The ongoing pandemic has turned our lives and many businesses upside down. Whilst the global economy is taking a battering not seen in decades, small and medium sized businesses are particularly impacted. There were around 5.8 million small businesses in the UK in 2019, and around 29 million businesses with fewer than 500 employees in the US in 2017 - representing 99.7% of all US businesses, and almost half of total private sector employment.
Small businesses are the lifeblood of any economy, however many operate on thin margins and without the resources that larger organisations benefit from. In the UK, one in five small businesses fell into their overdrafts to manage cash flow in 2019, rising from 14% in March 2019 to 18% in January 2020. According to a recent study, 36% of small businesses flagged financial challenges as their top stumbling block in 2020, highlighting pricing and cash flow as their two primary concerns. And this was before a global pandemic hit.
Currently, small businesses are not only grappling with their physical presences being shut down, but they also have to reassess how to enable secure and productive remote working for their employees. Governments across the world are unveiling measures to help business owners, with the UK’s Chancellor Rishi Sunak pledging to support businesses via a financial aid package worth £330 billion in the UK.
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Digital solutions can provide welcome relief for small businesses struggling to adapt to the new remote-work environment. In fact, there are increasing numbers of software packages and digital solutions available free of charge - and businesses can start using them today. Small businesses have the distinct advantage of not being encumbered by legacy technology systems prevalent in larger firms, allowing them to adopt digital solutions quickly, and enjoy their benefits immediately.
However, taking advantage of new tools can be overwhelming, especially in times of a crisis. Business owners not only have to research and assess the best suited solutions for their companies, they also need to educate employees, while these are still adjusting to teleworking.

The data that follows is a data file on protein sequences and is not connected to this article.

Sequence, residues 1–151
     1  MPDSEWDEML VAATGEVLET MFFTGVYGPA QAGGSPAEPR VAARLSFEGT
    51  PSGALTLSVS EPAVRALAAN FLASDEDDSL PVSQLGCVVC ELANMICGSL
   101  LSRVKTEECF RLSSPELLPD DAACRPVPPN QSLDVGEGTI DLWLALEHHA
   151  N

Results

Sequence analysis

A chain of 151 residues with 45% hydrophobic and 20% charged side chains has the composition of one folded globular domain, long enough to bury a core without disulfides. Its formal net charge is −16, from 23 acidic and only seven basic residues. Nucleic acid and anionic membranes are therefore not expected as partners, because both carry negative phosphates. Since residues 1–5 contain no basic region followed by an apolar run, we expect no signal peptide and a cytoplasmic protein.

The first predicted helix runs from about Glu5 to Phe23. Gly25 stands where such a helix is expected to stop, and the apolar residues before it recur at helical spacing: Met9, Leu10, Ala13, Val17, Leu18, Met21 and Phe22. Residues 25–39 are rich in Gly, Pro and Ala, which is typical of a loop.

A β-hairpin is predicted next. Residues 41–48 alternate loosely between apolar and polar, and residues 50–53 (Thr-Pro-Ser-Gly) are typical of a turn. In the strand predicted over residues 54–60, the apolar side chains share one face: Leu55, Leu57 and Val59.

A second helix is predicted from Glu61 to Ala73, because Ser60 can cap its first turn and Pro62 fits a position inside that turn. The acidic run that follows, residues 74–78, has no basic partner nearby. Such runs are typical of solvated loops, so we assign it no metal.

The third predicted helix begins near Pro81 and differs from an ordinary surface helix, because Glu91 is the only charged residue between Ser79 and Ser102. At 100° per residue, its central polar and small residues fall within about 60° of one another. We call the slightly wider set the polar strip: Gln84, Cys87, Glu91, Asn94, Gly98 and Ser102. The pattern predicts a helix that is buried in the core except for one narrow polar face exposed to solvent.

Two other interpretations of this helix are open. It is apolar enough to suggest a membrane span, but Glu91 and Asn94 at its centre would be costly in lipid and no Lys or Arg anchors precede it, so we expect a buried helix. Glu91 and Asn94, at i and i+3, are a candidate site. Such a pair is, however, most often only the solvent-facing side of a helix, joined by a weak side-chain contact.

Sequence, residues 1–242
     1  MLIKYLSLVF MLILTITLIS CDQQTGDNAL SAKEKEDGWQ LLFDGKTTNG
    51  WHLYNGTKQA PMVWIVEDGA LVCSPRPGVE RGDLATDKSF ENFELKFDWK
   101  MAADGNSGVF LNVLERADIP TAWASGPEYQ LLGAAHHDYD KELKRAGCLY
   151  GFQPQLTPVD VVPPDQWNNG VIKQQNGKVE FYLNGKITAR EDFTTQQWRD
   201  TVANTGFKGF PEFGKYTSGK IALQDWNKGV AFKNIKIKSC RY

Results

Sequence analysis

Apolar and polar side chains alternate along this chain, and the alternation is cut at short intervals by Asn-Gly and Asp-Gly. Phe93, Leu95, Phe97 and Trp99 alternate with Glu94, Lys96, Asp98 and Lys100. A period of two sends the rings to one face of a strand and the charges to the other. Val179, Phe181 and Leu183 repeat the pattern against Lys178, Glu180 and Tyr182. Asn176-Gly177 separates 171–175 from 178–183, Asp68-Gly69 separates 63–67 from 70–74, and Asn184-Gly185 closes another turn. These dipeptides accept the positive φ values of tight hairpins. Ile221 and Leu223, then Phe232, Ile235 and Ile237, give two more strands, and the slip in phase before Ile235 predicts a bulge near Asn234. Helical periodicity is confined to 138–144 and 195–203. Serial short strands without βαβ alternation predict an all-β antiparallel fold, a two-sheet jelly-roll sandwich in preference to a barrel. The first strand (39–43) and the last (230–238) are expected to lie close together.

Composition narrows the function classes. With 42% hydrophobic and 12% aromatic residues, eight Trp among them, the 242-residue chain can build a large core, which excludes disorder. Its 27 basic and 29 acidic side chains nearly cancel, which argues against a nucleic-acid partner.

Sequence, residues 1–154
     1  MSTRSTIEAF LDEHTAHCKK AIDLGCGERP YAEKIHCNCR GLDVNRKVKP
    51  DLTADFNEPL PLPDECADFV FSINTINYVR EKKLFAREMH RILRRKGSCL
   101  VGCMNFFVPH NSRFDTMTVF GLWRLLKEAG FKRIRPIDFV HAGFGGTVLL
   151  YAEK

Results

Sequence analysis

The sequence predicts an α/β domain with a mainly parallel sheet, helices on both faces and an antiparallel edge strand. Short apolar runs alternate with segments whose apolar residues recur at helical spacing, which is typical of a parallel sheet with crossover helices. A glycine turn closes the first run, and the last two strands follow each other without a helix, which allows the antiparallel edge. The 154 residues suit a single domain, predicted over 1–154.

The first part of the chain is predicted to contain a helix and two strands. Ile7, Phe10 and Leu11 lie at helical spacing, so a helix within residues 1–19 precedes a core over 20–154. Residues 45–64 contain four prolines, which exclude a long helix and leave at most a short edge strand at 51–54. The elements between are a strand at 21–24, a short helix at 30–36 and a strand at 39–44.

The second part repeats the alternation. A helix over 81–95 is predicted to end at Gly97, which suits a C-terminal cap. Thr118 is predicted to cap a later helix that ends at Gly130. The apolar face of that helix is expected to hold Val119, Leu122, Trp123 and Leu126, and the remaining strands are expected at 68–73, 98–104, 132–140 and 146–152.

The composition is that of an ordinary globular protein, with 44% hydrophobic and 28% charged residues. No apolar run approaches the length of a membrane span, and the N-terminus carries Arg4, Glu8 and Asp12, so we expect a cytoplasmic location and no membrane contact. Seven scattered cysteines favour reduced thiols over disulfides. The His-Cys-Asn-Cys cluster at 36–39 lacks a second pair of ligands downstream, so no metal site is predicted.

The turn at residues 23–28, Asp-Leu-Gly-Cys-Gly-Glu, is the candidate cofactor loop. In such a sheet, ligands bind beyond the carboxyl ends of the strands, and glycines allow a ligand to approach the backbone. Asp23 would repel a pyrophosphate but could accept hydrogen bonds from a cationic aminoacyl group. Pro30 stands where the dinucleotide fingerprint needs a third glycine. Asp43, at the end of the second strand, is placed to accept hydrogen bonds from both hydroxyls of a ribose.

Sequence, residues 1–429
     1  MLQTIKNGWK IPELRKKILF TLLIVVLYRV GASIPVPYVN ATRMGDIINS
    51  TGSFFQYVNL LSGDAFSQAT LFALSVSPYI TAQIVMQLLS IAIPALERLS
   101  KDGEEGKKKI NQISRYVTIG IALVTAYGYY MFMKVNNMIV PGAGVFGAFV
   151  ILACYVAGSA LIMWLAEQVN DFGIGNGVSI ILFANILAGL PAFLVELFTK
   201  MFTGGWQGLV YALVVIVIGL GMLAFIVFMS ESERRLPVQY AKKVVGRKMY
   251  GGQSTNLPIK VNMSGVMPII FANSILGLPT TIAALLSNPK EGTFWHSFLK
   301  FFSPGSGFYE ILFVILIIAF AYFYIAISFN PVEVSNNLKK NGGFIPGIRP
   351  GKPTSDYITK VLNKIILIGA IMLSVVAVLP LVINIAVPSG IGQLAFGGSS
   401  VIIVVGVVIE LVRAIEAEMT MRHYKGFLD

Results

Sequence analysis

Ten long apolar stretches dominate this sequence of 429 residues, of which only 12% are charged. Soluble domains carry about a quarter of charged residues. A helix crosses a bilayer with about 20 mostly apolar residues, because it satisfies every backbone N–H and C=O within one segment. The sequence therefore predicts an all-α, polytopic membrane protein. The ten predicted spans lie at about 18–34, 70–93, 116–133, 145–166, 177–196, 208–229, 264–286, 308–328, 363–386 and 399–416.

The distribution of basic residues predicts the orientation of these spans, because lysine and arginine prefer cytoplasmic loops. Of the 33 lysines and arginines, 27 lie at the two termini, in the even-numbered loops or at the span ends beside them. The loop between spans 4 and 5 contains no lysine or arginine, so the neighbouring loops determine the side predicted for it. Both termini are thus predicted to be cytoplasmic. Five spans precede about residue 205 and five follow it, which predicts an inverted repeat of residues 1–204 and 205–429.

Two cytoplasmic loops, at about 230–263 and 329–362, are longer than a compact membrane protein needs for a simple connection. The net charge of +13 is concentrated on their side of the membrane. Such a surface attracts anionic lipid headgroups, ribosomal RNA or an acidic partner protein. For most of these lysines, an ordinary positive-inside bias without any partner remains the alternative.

The ‘Open for Business Hub’ is an initiative launched by a number of technology companies, offering resources for small businesses working to ensure business continuity over the months to come. The project is assisting small businesses by offering free and discounted services to enable remote work throughout this period. They include video conferencing, password management, cybersecurity, as well as team collaboration, creativity and productivity, and even parenting help. They are designed to enable companies to maintain business continuity — securely and productively. Most importantly, the tools represent enterprise-grade offerings, services that will withstand in times of need.
For instance, many businesses underestimate the importance of secure file-sharing, which is mission critical not even just in times of crisis. Other offers include Single Sign-on (SSO) and Multi-Factor Authentication (MFA) solutions, helping teams securely access critical resources, such as cloud applications or VPNs, from any device or location.
Further, if a business is hosting self-managed applications, like running Atlassian’s Jira or Confluence behind a firewall, the company’s virtual private network (VPN) could be overwhelmed by the number of requests made by employees working from home. Fortunately there are tools enabling secure and efficient remote work accommodating the increase in such requests.
This is just a selection of what’s available at a greatly reduced price or for free, and the list is growing every day to help meet demand. At a time when small businesses are struggling, the internet is going to be critical in enabling them to continue their operations. Amongst other initiatives, technology companies represent a phenomenal resource for them to access best-of-breed software and services for remote work - at a greatly reduced cost.
James Allworth is Head of Innovation at Cloudflare
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James is the Head of Innovation at Cloudflare. His specialty includes chasing down and cracking tough strategic problems, particularly those that lie at the intersection of business, technology and innovation. He has been applying this skillset for Cloudflare — one of the world’s largest networks, which today powers approximately 10% of the web's traffic.